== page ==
Goin' to the Chapel – Or Not?

With so many options in and around the city, every couple can find the special space that feels just right — whether they’re looking for nature, rustic charm, fairytale romance, stained-glass beauty, treasured religious ritual or classic tradition.




photo by laurel mountain photography

 

Picture a wedding in a church. One partner walks slowly down the aisle as an organ plays the familiar notes of a traditional wedding march or Pachelbel’s 
“Canon in D.” Friends and family stand between rows of wooden pews while the spouse-to-be waits in front of an altar.

Now imagine a couple in a meadow. One partner passes through rows of white lawn chairs, the whole scene illuminated by bright summer sunshine. The other stands beneath an archway made of roses, next to a friend who became ordained just for the occasion.

Both scenes come to mind easily. Most of us probably have attended both a traditional church wedding and an outdoor ceremony. In recent years, though, many couples have begun to seek out less conventional settings for their wedding days, according to wedding planners and others who work in wedding-related businesses locally and nationally.

In a recent study, the Public Religion Research Institute of Washington, D.C., reports that younger couples increasingly are planning secular weddings. The study by the nonprofit research organization found that in 2013, 39 percent of U.S. married couples between the ages of 18 and 29 chose to wed in a place of worship. By contrast, nearly half of the couples ages 30 to 49 and 65 percent of couples older than 50 chose a sacred, rather than secular, setting.

While many couples in Pittsburgh and elsewhere continue to seek out traditional houses of worship for their weddings, others opt for venues they believe reflect their personalities and relationships. That’s often the case when the couple holds different — or no — religious affiliations.

One such couple is Marissa Kaminski and Dave Mateer, who say they knew from the start they wanted to say their vows outdoors when they married on July 11, 2015. “Being outside made more sense for us than being in a church,” Marissa says. “Dave’s family is Presbyterian, and mine is Catholic. Neither of us [is] part of that space regularly, so we didn’t really feel [a religious ceremony] would be right to do.”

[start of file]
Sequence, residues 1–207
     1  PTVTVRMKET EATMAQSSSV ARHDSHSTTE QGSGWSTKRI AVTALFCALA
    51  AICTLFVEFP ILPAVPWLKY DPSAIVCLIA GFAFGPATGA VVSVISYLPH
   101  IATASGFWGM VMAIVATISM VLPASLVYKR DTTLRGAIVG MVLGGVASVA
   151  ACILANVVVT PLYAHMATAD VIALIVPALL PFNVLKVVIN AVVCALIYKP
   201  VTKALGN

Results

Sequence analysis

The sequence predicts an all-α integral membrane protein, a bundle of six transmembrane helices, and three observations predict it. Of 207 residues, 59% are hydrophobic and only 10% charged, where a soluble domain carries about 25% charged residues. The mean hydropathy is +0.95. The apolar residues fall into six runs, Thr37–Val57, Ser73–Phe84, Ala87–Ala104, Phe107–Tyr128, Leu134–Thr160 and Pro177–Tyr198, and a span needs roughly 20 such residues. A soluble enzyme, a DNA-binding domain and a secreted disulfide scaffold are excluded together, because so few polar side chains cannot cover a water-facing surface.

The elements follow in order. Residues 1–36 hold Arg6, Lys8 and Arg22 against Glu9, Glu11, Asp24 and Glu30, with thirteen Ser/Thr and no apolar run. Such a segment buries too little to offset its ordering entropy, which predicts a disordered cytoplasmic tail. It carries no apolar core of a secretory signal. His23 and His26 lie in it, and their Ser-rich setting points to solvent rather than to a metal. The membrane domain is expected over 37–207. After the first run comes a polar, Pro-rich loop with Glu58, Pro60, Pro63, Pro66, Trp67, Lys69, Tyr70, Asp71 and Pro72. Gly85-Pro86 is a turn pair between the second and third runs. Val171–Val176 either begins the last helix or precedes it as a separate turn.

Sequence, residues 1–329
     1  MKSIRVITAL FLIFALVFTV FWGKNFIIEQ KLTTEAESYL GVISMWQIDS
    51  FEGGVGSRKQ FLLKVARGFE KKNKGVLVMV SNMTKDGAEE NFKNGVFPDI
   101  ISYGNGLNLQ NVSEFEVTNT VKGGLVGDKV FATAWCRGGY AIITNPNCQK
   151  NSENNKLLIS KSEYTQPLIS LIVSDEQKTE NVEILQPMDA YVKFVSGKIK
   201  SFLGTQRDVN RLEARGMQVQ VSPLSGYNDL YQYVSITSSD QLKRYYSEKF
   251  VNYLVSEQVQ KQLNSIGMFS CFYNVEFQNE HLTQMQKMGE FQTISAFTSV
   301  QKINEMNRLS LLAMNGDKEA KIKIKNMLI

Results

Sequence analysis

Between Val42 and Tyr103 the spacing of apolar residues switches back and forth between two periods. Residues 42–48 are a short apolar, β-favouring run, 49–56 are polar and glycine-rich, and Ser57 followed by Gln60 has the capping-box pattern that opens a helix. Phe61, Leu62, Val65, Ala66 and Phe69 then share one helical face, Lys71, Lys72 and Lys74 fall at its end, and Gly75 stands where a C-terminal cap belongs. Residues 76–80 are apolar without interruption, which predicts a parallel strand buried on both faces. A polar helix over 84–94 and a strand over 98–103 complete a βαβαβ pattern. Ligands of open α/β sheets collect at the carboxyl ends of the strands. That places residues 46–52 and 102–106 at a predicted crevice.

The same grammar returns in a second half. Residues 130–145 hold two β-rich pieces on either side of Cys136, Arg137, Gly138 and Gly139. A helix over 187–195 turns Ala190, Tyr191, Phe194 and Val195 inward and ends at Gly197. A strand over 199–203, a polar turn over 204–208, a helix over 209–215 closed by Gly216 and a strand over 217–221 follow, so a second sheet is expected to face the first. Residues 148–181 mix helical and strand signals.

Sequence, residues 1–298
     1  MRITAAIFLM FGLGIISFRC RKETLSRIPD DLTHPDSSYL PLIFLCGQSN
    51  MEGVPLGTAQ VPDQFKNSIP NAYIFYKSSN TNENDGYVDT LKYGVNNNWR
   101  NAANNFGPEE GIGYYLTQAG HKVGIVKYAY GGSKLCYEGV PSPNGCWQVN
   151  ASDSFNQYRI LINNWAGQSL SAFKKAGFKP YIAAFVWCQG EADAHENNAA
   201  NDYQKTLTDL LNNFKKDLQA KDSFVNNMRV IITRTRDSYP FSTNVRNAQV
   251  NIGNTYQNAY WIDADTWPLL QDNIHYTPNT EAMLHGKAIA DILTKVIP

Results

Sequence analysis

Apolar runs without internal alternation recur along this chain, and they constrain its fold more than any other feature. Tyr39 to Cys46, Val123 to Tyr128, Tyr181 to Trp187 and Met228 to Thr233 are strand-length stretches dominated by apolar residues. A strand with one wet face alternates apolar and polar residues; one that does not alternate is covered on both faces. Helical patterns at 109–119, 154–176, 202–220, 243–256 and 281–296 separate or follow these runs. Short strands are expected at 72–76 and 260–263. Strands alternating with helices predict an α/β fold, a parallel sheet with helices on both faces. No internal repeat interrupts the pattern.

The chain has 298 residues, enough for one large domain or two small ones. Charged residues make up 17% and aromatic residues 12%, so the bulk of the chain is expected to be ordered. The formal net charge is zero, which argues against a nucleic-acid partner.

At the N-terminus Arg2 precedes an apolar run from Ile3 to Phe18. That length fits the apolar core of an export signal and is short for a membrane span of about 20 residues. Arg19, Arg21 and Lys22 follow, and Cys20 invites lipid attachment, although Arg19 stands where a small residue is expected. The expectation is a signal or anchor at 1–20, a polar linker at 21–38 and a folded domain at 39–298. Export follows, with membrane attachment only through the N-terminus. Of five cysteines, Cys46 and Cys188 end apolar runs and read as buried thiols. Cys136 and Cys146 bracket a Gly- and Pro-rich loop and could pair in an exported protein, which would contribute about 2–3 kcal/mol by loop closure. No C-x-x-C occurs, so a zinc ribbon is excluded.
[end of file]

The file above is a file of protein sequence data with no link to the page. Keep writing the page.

She says she and her now-husband generally can be found outdoors, spending time in their backyard or hiking with their dog. “Being in nature is what we like to do,” Marissa says. “We felt that setting would be the most unique to us.”
 


Marissa Kaminski (above) and Dave Mateer were married outdoors at the Pittsburgh Botanic Garden / photo by hot metal studio

 

Marissa and Dave were the fifth couple to marry at the Pittsburgh Botanic Garden in Oakdale, which opened in April 2015. They say they immediately fell in love with its stunning scenery, and they found it offered all of the amenities they sought to make their guests comfortable. Located 10 miles west of the city, the 460-acre garden is equipped with plenty of parking, indoor restrooms and a reception space with heating and air conditioning.

For their ceremony, the couple picked the Peirce Celebration Garden, with its charming stone wedding wall, for their 180-guest wedding. Botanic Garden Events Manager Megan DeBertrand says couples with smaller guest lists also may choose the Dogwood Meadow or the Lotus Pond for their ceremonies. “It depends on the season and what’s in bloom,” she says.

Aside from the convenience, DeBertrand says the best thing about a Botanic Garden wedding is the beautiful background of wildflower meadows, leafy trees, gazebo and Japanese garden around the Lotus Pond. “If you do a ceremony here, you have free range to take your wedding photographs anywhere within the garden,” she says. “It’s really lovely.”

Eva Lin and Art Douglass also drew inspiration from their personalities and identity as a couple in choosing a venue for their ceremony. The two love to travel, but they knew some of their loved ones would be unable to attend a destination wedding. They say they didn’t feel particularly drawn to a church wedding, so they wanted to marry in a place that was nearby and nontraditional but still felt like a getaway.
 


photo by rachel rowland

 

They chose Rustic Acres Farm, an hour from Downtown in Volant, for their wedding on May 24, 2015. “Rustic Acres was the only venue we visited,” says Eva.

“There was a beautiful little lake, and we could bring all of our DIY stuff, and [Rustic Acres] also offers complete event-planning services. They do everything for you.”

Rustic Acres is operated by JPC event group, which has the capacity to handle everything for an event, from décor to catering. CEO and Creative Director Jody Wimer has more than 17 years of experience under her belt. “We don’t always do everything exactly Pittsburgh, or even East Coast,” she says of JPC. “We do a lot of West Coast inspiration.”
 


Eva Lin and Art Douglass chose Rustic Acres Farm for their wedding on May 24. photo by Rachel Rowland